There are numerous software and tools available for proofing, each with its unique features and capabilities. Among the most popular are Adobe Lightroom, Pixieset, and ShootProof, which offer robust options for photo editing, organizing, and sharing proof images. Personally, I use Adobe Lightroom, given its advanced editing features and seamless integration with Adobe’s suite of design tools. Lightroom’s proofing capabilities allow me to quickly and easily share images with clients, solicit feedback, and make necessary adjustments, all within the same platform. It’s this efficiency and versatility that make Adobe Lightroom an indispensable tool in my proofing process.

Is there an Alternative to Using Proofs?

Digital proofs are a popular alternative to traditional print proofs and are becoming more popular these days. They are easy to create, modify, and present, and they enable clients to view images remotely. Additionally, digital proofs can be organized into online galleries or presented as slideshows, making them a versatile alternative to traditional print proofs. This certainly works in a world where more and more people are working remotely and may not meet their clients.

Ultimately, the decision to use proofs depends on the client and the type of project. For some clients, a digital proof may suffice; for others, a traditional print proof may be necessary. Ultimately, it’s important to discuss options with your client and choose the best method for their needs.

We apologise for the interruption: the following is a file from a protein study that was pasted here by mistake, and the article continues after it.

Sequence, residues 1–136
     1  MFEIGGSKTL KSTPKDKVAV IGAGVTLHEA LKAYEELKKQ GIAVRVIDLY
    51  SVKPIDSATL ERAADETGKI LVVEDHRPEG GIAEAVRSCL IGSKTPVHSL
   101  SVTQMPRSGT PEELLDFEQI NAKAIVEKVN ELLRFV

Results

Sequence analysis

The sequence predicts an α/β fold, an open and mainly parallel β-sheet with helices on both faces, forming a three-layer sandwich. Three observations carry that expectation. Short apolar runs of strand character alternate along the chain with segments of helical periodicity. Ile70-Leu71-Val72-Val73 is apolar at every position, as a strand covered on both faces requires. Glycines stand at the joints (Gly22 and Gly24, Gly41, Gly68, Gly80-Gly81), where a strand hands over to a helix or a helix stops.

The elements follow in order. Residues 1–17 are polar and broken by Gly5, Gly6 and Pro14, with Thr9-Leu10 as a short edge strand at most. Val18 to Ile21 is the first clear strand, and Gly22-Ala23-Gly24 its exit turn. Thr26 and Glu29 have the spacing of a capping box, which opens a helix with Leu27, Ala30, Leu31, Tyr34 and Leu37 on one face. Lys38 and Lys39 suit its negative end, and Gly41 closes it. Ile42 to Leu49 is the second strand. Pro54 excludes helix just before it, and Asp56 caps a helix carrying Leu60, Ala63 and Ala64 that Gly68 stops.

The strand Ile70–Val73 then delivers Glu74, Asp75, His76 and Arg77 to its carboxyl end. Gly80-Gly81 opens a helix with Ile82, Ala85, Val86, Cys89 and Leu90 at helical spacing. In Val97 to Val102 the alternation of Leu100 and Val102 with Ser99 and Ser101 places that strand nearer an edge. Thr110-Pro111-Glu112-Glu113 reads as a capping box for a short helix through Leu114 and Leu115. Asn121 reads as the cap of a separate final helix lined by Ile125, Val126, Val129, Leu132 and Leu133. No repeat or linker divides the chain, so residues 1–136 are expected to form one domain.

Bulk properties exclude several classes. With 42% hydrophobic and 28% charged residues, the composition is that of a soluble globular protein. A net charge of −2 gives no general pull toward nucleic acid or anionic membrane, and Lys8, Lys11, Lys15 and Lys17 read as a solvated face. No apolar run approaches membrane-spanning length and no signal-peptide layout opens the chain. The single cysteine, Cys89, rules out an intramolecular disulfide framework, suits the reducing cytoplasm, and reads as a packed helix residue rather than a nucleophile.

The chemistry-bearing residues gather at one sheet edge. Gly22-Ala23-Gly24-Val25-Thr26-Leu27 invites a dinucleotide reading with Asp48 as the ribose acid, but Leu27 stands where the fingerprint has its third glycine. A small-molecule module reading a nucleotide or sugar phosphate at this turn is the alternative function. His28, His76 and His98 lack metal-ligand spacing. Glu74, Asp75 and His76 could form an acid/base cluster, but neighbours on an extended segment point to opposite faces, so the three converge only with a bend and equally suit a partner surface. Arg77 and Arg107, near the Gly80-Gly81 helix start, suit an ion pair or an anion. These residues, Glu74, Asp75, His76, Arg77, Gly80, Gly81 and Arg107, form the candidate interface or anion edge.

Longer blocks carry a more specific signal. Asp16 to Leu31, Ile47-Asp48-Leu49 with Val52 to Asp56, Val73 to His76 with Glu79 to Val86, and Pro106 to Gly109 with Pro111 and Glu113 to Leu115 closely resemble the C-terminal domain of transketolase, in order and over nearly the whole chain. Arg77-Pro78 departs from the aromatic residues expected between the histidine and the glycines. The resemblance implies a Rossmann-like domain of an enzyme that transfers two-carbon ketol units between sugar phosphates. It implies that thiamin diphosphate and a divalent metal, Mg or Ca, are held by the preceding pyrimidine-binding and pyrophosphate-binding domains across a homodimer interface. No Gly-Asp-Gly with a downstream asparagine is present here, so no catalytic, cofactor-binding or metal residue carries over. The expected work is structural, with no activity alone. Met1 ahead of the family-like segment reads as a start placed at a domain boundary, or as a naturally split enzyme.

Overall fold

woman holding Canon DSLR camera

Common Mistakes to Avoid When Proofing

In my experience, there are several potholes on the road to effective proofing. I, myself, have stumbled into a few and learnt valuable lessons in the process.

  1. Ignoring Clients’ Preferences: Early in my career, I would often select proofs based solely on my artistic judgment. However, I quickly realized the necessity of aligning my preferences with those of my clients. Now, I make sure to have a pre-shoot discussion about their expectations.
  2. Neglecting to Watermark Proofs: Once, I sent out proofs without watermarks and later found one of my images on a client’s social media, uncredited. Since then, I ensure to place subtle, non-disruptive watermarks on my proofs to protect my work.
  3. Over-editing Images: In my eagerness to deliver perfect images, I sometimes over-edited my proofs. This led to a loss of the image’s natural aesthetic and created unrealistic expectations for the final product. I now focus on subtle enhancements to respect the integrity of the original capture.